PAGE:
Reception from wrestling fans has been mixed so far, largely due to launching with just WWN and the price, which is the same as the other Flo services. Month to month subscriptions are $20, while FloPro, which gets you access to all of Flo's streaming services, is a $150 annual lump sum.

If you already get all of Evolve's shows, which start at $10, it's a push at worst. The question is if it's too much for new fans who are just used to paying WWE $9.99 a month, at least right now.

The announcement also impacts other growing players in the wrestling subscription space. Adam Lash of Powerbomb TV, which has yet to launch, offers a different approach. "It's a truly independent service that aims to give independent promotions and wrestlers from around the world a platform to build their names and generate revenue," Lash told Motherboard. "We're truly, 100 percent independent, all of us involved have been a part of indie wrestling for years and years, and most importantly we care about independent wrestling and it's long term health and growth."

FloSlam's launch could also throw a monkey wrench into the booming business of independent wrestling-themed channels on PivotShare, which makes it easy to launch your own subscription video on demand service (but no live streaming) with a Roku Channel. While most are run by independent promotions themselves, one, Highspots Wrestling Network, features a mix of content from numerous sources, both produced in-house and licensed. An extension of their previous web-based Highspots.tv service, the first wrestling-based subscription streaming platform, which ran for seven years. It's the closest thing to a direct competitor to FloSlam... except for one key thing. Due to PivotShare's limitations, it doesn't offer live streaming, though Highspots also does live internet pay-per-view on its own website.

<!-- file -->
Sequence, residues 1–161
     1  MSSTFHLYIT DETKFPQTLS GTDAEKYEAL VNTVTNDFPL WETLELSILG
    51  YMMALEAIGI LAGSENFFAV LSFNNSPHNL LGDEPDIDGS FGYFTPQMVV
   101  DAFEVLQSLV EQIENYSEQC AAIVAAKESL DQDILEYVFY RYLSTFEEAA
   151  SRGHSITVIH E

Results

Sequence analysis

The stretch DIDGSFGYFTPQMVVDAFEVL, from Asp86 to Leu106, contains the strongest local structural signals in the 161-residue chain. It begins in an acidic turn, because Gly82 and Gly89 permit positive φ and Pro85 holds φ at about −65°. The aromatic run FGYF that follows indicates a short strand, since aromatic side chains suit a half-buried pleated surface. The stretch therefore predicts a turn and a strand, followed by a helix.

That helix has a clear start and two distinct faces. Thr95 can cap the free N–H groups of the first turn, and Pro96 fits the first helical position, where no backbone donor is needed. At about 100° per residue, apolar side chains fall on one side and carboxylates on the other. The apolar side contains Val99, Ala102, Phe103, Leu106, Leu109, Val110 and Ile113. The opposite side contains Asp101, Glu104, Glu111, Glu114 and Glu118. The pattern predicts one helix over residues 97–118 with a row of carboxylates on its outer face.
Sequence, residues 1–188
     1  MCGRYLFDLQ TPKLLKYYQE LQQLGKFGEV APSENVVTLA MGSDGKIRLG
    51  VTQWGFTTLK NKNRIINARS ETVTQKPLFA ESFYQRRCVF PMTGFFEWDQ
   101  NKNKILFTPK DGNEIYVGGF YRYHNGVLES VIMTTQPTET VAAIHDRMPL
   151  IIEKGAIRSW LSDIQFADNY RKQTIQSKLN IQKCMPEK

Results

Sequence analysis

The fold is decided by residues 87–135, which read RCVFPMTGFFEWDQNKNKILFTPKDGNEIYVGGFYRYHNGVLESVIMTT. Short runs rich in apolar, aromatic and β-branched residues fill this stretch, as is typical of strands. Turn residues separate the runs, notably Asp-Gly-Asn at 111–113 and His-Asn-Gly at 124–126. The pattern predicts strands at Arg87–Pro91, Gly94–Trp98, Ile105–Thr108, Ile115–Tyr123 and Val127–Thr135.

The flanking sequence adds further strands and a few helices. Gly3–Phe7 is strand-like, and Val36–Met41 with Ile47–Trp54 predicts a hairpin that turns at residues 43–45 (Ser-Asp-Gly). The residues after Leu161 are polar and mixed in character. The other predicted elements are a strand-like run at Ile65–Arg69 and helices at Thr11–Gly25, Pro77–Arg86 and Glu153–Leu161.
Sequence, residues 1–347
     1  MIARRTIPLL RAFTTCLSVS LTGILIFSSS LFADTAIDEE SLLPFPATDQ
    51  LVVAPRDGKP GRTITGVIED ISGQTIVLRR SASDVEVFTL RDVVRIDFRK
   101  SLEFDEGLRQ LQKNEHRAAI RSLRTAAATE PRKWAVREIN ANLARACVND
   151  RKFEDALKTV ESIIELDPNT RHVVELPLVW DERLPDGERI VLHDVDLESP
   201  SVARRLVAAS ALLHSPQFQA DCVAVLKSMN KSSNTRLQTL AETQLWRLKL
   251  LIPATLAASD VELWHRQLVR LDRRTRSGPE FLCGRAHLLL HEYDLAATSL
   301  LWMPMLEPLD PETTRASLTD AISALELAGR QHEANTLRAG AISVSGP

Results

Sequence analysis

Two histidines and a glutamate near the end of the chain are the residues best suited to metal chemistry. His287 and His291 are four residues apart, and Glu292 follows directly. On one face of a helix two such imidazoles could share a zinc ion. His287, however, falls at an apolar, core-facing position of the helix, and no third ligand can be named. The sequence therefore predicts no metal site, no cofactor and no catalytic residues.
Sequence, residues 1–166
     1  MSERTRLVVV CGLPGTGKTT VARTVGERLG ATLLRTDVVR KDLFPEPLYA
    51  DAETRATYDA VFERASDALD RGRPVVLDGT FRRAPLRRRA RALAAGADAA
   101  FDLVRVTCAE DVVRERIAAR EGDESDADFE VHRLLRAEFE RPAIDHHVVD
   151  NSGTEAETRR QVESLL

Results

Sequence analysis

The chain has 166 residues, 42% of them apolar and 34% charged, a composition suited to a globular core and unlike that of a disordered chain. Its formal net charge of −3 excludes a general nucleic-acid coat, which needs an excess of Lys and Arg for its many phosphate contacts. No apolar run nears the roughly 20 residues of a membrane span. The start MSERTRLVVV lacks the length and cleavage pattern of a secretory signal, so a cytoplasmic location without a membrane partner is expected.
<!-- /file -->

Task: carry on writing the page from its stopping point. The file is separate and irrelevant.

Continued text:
"I don't know if they're a competitor or not," Highspots founder Michael Bochicchio told Motherboard, referring to FloSlam. "I will tell you that it's very difficult for people within our industry, and I think I'm one of the bigger players within it, to do what Flo is asking anybody to do, which is deliver live content. A lot have people have tried it, [and] delivering live content is a big challenge."

It's not a secret that, for a long time, internet pay-per-view was a dirty word in wrestling due to technical issues that a number of companies had. According to Bochicchio, the source of the most hiccups is one that doesn't apply to FloSports' other genres. "It's very difficult to get a dedicated internet line at the type of venues, that professional wrestling [promotions], at least on the independent level, run." Why? They tend to only have one hardwired connection, and usually, it's occupied by their point of sale devices. "So when someone goes and buys a beer, or some nachos, or whatever, you see a dip in the speed of the internet, and that affects the stream. So when people see dips [in quality], that's why they occur."

The future looks brighter than it's been in a long time for non-WWE wrestling companies. There's more quality talent than ever, WWE is acknowledging the independent scene more and more, and now, there are more options for monetizing their content. The question is just what it will take to get the average fan who just knows about WWE Network to buy it.